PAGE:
Schrödinger’s bomb and other electoral quandries*

23 08 2009

If a bomb explodes in Kabul but nobody says they heard it did it actually go off?

View from the roof of the Fort overlooking the old British embassy and the hills to the south

Looking north from the Fort over the city to the hills beyond

It’s Saturday afternoon just about the same time as Ricky Ponting got hit in the face at the Kennington Oval (poor Ricky) and a loud and clear bang rings out near the Fort. We checked in with our security team who said it hadn’t been reported – surprising for such a loud bang. The guards said that it was 2-300 yards away. Close, but no smoke visible from the roof so difficult to be sure. However not a word from the local police which was a concern but as always the truth in Afghanistan is more complicated.  In our district, Kart-e-Parwan the fights are as interconnected with tribal groups as they are the police. It seems likely that it is preferable to keep these things quiet to avoid retribution.

Looking south west from the fort over the old British embassy and to tv hill beyond.

Looking south west from the fort over the old British embassy and to tv hill beyond.

The photos are taken from the roof of the Turquoise Mountain Qala and give an idea of our surroundings. The small mosque in the top image has a surprisingly loud call to prayer especially on a Ramadan morning. The dusty hills beyond used to be the city limits but Kabul has swelled by millions in the past decades. In the middle image the brick tower and white building are the Old British Embassy. Commissioned by Lord Curzon in the 1920s so the Ambassador would be the ‘best-housed man in Asia’. Unfortunately the current owners, the Pakistan Government are unwilling to let anyone return despite speculation otherwise. It would be a great place for a party and I have tried to get TM interested in restoring it but apparently the guards are trigger happy so a site visit is out of the question.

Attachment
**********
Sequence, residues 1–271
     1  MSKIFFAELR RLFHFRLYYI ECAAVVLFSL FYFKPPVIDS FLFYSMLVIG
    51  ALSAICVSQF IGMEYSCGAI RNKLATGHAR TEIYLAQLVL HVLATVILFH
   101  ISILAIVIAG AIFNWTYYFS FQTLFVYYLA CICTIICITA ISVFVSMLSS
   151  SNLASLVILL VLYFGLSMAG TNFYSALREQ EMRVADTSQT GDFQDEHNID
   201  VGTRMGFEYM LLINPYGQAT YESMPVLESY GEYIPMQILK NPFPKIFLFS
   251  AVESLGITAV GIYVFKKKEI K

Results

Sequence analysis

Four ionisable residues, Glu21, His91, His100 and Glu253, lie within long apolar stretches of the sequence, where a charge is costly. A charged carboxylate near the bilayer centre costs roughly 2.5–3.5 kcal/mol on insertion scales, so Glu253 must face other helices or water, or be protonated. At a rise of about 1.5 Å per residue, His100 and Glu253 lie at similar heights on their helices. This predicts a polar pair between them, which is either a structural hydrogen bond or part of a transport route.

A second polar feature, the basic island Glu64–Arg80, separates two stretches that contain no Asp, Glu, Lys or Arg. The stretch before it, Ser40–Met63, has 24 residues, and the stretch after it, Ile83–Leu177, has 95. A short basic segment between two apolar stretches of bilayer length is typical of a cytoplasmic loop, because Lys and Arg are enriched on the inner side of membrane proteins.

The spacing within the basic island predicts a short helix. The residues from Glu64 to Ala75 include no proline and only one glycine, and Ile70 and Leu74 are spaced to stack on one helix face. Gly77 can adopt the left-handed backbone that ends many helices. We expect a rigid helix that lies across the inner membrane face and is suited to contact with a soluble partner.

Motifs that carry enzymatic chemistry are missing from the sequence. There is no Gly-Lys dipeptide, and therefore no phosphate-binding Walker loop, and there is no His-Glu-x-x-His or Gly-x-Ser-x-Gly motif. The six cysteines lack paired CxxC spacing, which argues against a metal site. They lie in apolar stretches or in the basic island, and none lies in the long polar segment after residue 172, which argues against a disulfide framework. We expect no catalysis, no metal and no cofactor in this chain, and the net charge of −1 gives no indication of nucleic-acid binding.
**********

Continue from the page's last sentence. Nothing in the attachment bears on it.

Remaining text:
Afghan of the week, Hussain our cook. Aged "about 65" he is from Ghazni and is from the Hazara tribe.

Afghan of the week, Hussain our cook. Aged "about 65" he is from Ghazni and is from the Hazara tribe.

Today was the first day back at work since the elections and views are mixed. When asked what the result would be one of the senior engineers essentially replied ‘you tell me’ meaning he thought the US of the UK governments had such control over the situation that they would be able to influence results. My site foreman beautifully described the sound of the rockets whooshing overhead before exploding into the presidential compound a few hundred metres away. The new site architect couldn’t get back to Ghazni because of the Taliban’s tight control of the roads and although I have seen ink-stained fingers some admitted to not voting due to intimidation.

Afghan of the week is Hussain, TM’s cook in the Qala for the last three years. His story in TM is as charming as it is accidental. When he came for an interview in the early days of Turquoise Mountain he was turned down but when he appeared for work the next week no-one had the heart to explain the situation so he stayed.

Duncan DJ

*I realise the analogy is closer to George Berkeley’s falling tree than Schrödinger’s cat but it’s not so catchy.